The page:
|A golden age for some fans|
At one point, before the current rage of WWF with "The Rock" and "Stone Cold Steve Austin" (which is likely showing my age right now but oh well) and after the likes of Giant Haystacks and Big Daddy, there was the pandemic of WWF wrestling featuring The Hulk (young version), Big Boss Man (RIP), Jake the Snake Roberts, Ultimate Warrior (RIP), Mr Perfect (RIP) and Million Dollar Man Ted Dibiase, and my word that's a lot of dead people (most of them around the age of mid 40's too...).
|Lots of fights, or one big brawl?|
So, what do we have then? Well it's a fine mash up of fake acting and overtly fat men jumping around a roped-off arena and pretending to be hurt. Much like the video game then BWAHAHA... Ok I'll stop there. WWF WrestleFest takes the approach of giving up to 4 players a chance to "be" their favourite 90's wrestlers and duke it out mano-e-mano in the ring with the chance to pull off all the trademark moves of their 'heroes' in an attempt to be just like them.
|It get chaotic, fast.|
WWF WrestleFest does bring to the game a medley of 12 wrestlers and 2 main gameplay options. There's the 2 vs. 2 tag team game that players can progress through (or battle each other) and take on other tag teams until they reach the final against the Legion of Doom (a.k.a The Legion of Spiky Shoulder Pads they NEVER USE IN A MATCH) or they can go the 30minute long, Royal Rumble in which they start in the ring and battle each other until only one person is left standing by either counting other wrestlers out with pins and submissions, or throwing them out of the ring entirely.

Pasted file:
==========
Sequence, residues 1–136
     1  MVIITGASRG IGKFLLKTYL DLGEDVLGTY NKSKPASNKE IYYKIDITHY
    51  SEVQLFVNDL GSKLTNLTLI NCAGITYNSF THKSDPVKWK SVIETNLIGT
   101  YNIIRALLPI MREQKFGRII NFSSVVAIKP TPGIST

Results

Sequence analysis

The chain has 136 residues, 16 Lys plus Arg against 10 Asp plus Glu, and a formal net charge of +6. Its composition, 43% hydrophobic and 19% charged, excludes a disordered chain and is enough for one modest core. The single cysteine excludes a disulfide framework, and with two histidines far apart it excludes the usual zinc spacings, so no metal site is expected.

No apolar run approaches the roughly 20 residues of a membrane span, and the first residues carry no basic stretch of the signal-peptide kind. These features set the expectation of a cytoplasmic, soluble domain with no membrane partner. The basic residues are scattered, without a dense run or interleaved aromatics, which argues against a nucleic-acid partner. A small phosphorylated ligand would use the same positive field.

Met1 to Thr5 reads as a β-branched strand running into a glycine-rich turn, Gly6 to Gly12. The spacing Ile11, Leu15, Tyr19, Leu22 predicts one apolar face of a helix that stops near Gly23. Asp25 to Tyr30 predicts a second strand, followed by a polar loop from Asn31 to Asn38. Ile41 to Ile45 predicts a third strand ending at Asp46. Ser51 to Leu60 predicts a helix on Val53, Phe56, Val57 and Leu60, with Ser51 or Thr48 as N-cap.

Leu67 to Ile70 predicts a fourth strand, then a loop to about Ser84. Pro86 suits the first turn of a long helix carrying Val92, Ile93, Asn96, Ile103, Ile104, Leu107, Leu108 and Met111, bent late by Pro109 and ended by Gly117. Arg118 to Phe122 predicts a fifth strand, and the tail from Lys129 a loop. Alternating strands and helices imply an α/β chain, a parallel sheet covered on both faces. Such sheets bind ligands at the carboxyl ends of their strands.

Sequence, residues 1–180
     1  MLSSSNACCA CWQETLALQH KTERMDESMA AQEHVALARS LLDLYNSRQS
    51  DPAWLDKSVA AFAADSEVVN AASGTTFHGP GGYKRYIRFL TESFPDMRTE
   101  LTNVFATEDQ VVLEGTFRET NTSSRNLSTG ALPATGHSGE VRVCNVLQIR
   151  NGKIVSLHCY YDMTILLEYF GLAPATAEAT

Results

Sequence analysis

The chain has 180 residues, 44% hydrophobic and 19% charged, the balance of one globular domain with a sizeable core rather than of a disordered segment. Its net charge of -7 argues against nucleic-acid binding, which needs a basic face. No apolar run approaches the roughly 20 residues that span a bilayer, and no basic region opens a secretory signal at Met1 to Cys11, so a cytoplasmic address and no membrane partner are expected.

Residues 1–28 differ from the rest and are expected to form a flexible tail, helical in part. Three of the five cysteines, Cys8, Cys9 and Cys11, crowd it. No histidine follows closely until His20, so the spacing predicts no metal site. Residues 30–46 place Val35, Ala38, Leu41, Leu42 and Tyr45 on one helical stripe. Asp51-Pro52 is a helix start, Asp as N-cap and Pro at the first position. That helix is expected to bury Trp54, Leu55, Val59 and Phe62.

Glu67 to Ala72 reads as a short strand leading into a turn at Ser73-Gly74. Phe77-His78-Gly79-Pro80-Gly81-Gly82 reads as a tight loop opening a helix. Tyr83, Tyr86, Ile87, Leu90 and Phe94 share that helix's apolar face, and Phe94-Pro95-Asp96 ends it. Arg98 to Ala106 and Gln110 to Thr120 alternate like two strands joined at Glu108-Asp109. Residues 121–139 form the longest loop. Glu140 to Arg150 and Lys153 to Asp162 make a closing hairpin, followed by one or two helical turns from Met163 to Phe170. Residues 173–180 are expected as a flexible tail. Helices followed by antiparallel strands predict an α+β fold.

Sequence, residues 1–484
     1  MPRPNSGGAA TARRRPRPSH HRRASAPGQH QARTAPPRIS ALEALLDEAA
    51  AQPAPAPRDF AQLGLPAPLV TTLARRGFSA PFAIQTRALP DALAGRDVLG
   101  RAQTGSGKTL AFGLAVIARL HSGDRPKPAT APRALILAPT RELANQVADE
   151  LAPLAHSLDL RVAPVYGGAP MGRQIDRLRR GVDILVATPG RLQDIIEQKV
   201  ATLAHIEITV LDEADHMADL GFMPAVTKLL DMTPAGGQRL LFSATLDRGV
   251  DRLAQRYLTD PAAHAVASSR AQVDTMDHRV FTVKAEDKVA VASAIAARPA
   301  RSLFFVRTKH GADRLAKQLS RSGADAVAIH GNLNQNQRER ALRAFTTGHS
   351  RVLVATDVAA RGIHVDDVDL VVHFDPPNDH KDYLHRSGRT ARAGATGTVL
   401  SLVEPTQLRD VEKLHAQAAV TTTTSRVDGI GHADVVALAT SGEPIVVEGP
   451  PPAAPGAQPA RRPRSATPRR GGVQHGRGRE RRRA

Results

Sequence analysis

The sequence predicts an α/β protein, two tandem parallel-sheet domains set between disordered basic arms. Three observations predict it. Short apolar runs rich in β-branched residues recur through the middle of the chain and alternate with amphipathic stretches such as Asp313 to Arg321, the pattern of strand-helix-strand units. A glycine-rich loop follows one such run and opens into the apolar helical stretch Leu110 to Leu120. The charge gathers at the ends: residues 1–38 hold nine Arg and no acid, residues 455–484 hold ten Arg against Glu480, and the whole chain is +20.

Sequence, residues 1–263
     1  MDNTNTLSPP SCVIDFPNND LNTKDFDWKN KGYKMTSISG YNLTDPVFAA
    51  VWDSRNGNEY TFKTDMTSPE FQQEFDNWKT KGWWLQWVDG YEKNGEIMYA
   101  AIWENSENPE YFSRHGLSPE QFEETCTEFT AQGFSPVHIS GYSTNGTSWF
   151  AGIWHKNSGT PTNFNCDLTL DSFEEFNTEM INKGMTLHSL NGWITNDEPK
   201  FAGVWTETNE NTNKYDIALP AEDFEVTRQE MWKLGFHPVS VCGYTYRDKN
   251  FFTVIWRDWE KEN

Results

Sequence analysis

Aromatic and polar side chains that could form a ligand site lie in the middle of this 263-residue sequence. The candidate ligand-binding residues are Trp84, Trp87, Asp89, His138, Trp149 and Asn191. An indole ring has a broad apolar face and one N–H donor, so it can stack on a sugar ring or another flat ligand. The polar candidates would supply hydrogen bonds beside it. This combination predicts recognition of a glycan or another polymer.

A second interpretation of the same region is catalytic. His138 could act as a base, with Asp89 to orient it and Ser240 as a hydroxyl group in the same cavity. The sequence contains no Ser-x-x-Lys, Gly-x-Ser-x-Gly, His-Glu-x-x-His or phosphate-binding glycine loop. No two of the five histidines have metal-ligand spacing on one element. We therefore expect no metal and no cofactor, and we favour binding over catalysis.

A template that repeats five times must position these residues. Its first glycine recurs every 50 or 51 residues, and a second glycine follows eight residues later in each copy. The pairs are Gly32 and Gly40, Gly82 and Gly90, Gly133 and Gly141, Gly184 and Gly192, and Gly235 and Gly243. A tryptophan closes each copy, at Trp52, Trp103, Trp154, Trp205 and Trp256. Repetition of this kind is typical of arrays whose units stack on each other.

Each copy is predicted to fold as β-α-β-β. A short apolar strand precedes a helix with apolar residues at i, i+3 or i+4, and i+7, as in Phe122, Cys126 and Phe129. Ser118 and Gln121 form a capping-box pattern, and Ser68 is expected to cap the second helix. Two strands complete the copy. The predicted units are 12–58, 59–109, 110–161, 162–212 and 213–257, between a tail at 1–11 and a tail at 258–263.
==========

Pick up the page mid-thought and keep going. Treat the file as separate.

|It's the tag-team nobody asked for!|
Controls in WWF WrestleFest are slightly unintuitive to say the least. You've the joystick, a punch button and a kick button. But these are contextual buttons and it all depends upon what the opponent is doing, or how they are poised that will end up with what you actually do. If the opponent is down, punching does attacks, while kicking attempts a pin. But stand near their head and you'll pick them up for more attacks, while also being able to run and launch yourself upon them. Tagging out requires being at the corner with your teammate and pressing punch, but hold a direction too long and you'll find yourself climbing the turnbuckle instead.
|Slight variation, there's no rope-rebounding allowed|
Despite this, WWF WrestleFest also makes things far more awkward than it needs to by using the idea of "grappling" and having it come across "randomly hitting buttons to struggle against an arbitrarily decided outcome". It seems grapples are decided mainly by the computer determining which outcome it actually wants and tough shit if you're not the one it chooses. On top of THAT, actually determining which moves you'll get as a result is almost as much of a lottery if only because once you've "won" a grapple, the next button press will perform a move, by that point you'll likely be hammering buttons still to try and win the grapple, so the move happens regardless of your attempts.
|He looks as old there as he does now, was this game predicting the future?|
Aside from the controls being dodgy, WWF WrestleFest has the lovely little time in showing us large sprites, fairly detailed graphics and even get to the point where we see SOME muscled and toned men and many fat men, so at least there's some accurate depictions of the actors, I mean, wrestlers. The audio within WWF WrestleFest has a slightly muffled commentary but it's clear enough to make out what's being said most of the time while the impacts and slams onto the canvas are suitable amplified just like in the shows to add gravitas to the dancing around these men are doing.
|Even the Ref gets to dance to SaturdayNight Fever.|
WWF WrestleFest, is more famous as being the arcade that few would play while many would realise what it was depicting, a genre of entertainment that had a high in the early 90s before becoming obscure and then returning many years later. But it does the job well of featuring the main names from the time, just a shame it's not very playable and about as much of an act as the 'real' thing is.